Non-disclosure agreements ("NDAs") and confidentiality agreements are now crucial to protecting potential patents, but users should be cautious and speak with counsel before disclosing inventions even with an NDA. After decades of allowing potential inventors to test the marketplace with their inventions, our patent system has been shifted from a “first to invent” system to a “first to file” system and altered the activities allowed to an inventor prior to a patent filing.
Under the old U.S. patent system, an inventor was allowed the opportunity to market his or her invention for one year prior to a patent filing. If another patent application was filed prior to the inventor’s filing for patent, the U.S. system allowed the inventor who could prove he or she was the first inventor to be awarded the patent. Now, the first inventor to file at the United States Patent & Trademark Office is granted to the patent. Moreover, public use or public sale of an invention prior to a patent filing may act as a bar to patenting the invention.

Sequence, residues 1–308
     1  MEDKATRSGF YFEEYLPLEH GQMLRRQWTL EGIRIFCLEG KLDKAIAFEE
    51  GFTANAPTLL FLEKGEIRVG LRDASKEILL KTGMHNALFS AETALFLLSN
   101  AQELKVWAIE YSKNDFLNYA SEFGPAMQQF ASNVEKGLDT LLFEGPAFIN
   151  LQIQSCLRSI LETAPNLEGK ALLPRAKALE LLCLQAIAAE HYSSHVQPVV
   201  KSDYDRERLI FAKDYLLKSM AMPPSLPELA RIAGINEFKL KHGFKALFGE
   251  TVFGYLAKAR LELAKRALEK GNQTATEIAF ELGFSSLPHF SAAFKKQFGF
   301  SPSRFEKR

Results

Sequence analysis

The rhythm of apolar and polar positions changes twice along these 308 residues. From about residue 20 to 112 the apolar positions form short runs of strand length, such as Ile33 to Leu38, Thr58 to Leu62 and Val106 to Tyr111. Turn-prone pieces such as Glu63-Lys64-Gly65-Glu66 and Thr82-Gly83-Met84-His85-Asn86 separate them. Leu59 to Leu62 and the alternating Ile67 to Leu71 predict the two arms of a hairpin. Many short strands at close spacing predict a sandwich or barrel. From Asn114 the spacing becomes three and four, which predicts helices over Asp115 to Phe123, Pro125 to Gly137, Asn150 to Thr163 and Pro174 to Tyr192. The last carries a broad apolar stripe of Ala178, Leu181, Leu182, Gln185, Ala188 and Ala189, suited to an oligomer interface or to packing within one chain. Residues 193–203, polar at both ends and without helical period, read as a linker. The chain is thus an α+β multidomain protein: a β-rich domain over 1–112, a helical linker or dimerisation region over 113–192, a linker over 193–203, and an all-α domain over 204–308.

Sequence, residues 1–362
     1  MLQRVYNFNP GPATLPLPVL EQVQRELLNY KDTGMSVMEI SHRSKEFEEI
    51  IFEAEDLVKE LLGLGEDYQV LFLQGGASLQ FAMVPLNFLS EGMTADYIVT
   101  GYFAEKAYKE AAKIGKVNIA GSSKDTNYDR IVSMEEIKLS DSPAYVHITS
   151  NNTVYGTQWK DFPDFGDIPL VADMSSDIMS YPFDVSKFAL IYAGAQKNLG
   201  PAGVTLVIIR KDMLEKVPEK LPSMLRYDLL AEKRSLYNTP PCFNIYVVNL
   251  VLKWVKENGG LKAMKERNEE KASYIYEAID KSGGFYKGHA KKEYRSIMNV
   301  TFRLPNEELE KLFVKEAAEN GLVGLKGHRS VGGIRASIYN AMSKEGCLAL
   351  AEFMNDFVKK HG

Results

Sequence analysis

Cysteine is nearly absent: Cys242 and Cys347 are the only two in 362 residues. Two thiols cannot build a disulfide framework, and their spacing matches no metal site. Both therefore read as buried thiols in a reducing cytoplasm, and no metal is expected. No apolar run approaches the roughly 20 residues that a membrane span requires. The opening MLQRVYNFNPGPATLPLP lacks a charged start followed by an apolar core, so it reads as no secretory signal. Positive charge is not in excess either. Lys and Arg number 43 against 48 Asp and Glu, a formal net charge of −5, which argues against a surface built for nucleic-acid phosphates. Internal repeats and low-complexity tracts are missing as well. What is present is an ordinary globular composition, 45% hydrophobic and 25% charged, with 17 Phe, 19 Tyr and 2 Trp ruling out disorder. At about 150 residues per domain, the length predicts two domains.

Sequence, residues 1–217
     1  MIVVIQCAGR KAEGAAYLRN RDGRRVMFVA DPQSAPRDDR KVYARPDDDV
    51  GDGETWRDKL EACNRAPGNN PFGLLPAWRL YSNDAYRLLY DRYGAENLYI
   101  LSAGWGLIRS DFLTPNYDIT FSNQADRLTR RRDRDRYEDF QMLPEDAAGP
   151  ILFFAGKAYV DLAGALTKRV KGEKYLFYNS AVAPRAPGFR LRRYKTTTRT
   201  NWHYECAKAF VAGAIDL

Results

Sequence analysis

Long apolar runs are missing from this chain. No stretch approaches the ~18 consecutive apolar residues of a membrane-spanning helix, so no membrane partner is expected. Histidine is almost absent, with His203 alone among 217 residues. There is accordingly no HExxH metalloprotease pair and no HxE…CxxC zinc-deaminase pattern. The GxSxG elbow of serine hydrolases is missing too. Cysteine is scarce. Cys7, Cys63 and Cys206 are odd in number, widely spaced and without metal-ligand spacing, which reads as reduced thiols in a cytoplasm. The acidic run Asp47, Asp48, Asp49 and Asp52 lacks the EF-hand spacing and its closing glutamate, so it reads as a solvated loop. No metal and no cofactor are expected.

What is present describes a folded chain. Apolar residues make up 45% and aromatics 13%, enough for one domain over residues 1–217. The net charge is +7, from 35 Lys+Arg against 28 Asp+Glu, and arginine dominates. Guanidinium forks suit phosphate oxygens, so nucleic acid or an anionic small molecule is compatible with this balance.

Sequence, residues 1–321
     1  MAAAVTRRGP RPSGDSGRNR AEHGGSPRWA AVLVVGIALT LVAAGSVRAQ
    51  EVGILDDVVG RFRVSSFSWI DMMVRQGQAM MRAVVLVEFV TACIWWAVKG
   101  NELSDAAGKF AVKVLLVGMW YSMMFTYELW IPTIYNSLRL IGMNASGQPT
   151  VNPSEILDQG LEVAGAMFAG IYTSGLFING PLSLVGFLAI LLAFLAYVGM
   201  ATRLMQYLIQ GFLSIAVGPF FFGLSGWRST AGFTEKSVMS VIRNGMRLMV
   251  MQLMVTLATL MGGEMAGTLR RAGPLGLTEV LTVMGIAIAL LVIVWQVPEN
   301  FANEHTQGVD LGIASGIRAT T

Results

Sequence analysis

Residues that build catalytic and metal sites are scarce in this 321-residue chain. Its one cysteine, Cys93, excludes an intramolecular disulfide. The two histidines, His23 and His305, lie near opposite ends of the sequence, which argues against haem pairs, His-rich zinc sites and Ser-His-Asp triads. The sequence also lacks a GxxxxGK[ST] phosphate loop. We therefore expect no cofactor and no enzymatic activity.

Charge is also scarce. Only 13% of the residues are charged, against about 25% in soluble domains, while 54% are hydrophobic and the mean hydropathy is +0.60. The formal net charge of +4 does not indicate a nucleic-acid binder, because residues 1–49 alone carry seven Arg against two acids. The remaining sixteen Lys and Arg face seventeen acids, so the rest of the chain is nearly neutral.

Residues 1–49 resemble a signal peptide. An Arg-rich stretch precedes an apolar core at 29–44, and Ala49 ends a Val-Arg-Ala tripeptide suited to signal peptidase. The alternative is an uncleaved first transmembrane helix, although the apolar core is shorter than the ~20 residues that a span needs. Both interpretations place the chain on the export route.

NDAs and confidentiality agreements will allow the parties to keep the disclosure confidential, but an inventor still runs the risk that a third party will file separately before the disclosing inventor. Many NDAs and confidentiality agreements provide an exception for parties who may have developed the technology separately. The party receiving the information could then proceed with filing before the inventor after recognizing the potential for the invention.
As a result of the changes to the patent laws, it is important for inventors and businesses to communicate with their counsel before disclosing inventions.
For more information on these matters please contact Meredith Lowry at email@example.com or at 479.301.2444.
The information presented in this article does not constitute or contain legal advice, and neither our presentation of such information nor your receipt of it will create any attorney-client or confidential relationship.